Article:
Oracle did not respond to a request seeking the status of its deal with Texas.
State records show that the amount returned by companies with failed deals is rarely the full amount received.
“It is pennies on the dollar,” said Andrew Wheat, a researcher for Texans for Public Justice, which released a report on the TEF in 2010 probing the fund’s performance.
Gov. Greg Abbott has vowed to strengthen the ability of the state to get back money it spent on unfulfilled deals. However, John Wittman, a spokesman for the governor’s office, did not respond to an interview request.
When Wheat and his team produced the report in 2010, the agreements were reasonably easy to obtain through public information requests, he said. Those agreements often spelled out how long a company would have to maintain a presence in the state to keep its grant money.
“This was pre-Boeing, though,” he said, referring to the 2015 state Supreme Court decision that ruled contracts between government entities and private companies are not public.
Wheat found that then as now, numbers on job creation — along with capital spending, another of the key performance metrics for a TEF grant — did not add up.
“It’s self-reported and it gets very shady very fast,” he said.
The number of jobs created and money recouped were difficult to ascertain, he said. As in the recent report, Wheat found in 2010 that deals were often announced with a press release and a public pronouncement of new jobs, then amended to lower the job creation figures.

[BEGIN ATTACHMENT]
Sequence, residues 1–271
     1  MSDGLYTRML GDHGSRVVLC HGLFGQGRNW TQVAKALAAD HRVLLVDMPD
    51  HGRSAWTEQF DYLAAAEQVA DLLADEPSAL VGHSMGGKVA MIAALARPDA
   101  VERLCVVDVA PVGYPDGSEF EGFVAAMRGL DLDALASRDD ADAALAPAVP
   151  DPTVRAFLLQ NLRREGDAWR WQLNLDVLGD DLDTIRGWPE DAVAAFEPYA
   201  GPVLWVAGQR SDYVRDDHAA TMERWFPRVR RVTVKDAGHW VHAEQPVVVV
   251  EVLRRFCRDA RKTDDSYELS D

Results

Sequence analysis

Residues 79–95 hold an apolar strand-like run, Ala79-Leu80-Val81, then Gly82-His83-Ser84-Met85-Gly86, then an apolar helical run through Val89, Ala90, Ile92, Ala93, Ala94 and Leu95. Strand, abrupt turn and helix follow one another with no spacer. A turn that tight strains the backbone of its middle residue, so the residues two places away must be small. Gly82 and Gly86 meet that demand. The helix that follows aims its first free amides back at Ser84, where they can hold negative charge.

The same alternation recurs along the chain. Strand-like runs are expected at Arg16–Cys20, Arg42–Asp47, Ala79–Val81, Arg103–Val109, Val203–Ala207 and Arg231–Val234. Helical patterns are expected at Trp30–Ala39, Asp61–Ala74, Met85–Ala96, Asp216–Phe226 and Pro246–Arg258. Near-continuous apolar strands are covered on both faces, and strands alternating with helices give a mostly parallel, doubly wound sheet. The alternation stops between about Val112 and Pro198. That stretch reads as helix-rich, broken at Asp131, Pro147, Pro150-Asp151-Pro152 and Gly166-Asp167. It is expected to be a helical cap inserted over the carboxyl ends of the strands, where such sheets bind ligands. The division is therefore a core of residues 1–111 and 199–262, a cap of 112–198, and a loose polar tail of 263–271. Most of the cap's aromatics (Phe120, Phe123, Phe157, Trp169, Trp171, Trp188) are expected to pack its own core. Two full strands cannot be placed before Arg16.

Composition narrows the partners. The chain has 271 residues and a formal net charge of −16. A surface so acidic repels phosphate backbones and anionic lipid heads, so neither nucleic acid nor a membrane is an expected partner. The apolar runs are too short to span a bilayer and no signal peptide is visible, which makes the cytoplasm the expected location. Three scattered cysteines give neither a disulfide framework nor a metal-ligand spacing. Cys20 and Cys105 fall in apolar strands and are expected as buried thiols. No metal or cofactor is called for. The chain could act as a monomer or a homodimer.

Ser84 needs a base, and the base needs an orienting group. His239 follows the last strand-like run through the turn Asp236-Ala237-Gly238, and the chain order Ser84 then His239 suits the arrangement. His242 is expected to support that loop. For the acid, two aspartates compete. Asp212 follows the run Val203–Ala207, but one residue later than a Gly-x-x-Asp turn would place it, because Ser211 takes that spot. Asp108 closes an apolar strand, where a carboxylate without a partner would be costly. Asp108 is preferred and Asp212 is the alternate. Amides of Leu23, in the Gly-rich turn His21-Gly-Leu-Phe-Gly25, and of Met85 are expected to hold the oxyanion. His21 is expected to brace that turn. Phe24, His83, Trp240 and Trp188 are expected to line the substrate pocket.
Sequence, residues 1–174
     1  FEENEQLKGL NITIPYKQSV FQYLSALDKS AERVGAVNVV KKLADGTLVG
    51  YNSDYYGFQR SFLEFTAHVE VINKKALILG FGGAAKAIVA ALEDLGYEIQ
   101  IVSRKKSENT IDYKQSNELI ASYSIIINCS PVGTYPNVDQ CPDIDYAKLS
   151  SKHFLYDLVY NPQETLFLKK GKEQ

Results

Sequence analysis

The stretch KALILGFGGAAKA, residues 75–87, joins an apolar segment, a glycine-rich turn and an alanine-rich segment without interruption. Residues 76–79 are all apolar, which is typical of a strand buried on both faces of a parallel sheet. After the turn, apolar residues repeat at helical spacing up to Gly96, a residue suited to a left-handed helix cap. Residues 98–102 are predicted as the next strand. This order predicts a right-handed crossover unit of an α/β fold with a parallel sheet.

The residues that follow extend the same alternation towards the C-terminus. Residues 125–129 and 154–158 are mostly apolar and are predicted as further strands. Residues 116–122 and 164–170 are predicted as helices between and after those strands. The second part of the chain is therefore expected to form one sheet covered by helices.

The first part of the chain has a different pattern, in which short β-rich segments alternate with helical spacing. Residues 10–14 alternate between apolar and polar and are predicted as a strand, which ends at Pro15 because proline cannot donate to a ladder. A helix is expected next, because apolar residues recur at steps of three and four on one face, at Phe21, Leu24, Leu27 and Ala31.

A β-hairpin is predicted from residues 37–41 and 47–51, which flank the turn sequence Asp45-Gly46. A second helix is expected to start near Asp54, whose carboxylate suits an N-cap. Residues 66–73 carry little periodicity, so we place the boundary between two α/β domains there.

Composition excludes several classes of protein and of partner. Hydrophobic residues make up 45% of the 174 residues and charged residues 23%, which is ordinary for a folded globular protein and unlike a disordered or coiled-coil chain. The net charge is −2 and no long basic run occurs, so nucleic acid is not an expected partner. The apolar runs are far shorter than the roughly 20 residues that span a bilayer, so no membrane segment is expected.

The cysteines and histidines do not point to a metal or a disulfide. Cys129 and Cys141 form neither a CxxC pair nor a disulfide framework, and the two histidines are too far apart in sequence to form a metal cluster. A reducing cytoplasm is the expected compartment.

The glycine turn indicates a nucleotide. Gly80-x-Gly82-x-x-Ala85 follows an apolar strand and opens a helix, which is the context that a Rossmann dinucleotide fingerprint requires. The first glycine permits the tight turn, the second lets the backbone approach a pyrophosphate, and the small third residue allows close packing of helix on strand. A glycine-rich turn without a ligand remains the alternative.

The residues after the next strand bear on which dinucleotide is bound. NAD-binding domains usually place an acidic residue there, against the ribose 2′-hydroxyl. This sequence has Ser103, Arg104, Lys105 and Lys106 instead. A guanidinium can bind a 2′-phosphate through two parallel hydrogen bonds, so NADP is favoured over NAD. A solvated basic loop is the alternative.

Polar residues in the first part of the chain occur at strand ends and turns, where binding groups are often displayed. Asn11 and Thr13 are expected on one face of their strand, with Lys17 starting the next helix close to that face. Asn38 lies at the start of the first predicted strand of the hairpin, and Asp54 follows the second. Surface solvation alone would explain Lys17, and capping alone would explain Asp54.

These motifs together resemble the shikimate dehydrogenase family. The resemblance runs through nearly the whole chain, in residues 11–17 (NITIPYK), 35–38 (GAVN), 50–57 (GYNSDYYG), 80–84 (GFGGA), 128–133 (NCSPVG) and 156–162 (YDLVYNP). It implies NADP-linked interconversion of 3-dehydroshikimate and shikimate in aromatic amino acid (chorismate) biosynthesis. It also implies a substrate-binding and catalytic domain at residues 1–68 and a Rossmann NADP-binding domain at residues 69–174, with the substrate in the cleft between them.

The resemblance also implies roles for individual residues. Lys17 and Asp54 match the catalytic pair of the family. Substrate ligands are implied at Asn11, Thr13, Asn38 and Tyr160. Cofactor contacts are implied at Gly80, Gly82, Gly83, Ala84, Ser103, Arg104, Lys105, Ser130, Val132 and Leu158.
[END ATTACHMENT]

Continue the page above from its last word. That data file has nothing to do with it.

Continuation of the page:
In their quest for records of TEF deals, the UT government professors received some materials from 63 of 164 recipients of TEF funds. Many of their requests for contracts were challenged through letters from the companies to the state attorney general’s office, alleging the records were not required to be made public.
The deals are too helpful politically to be carried out in full transparency, said Nathan Jensen, co-author of the recent study.
“No politician wants to back a big project and hand over incentive money and then announce that the deal isn’t going to work,” he said. “These are very discretionary programs, and each company has a different performance metric.”
Jensen added that, given the potential for politicians ending up with a public relations black eye, it’s not likely that the public will be able to find out how long such grant recipient companies stay in Texas.
“It’s not good PR to have a company that you were so proudly boasting of move their jobs elsewhere,” he said. “And there is a conflict of who is going to enforce a contract, even if it requires a company to stay for a certain amount of time. That generally falls to the same [entity] that is offering the incentive.”
“We do see this difficulty everywhere,” said Kasia Tarczynska, a research analyst with Good Jobs First, a Washington, D.C-based group that compiles corporate financial incentive data in the U.S. “We don’t expect states to do a perfect job of providing this data, but they should do something to give access to the basic information on these packages. If they are secretive it is worse for them, as people become suspicious of the program.”
Steve Miller can be reached at [email protected].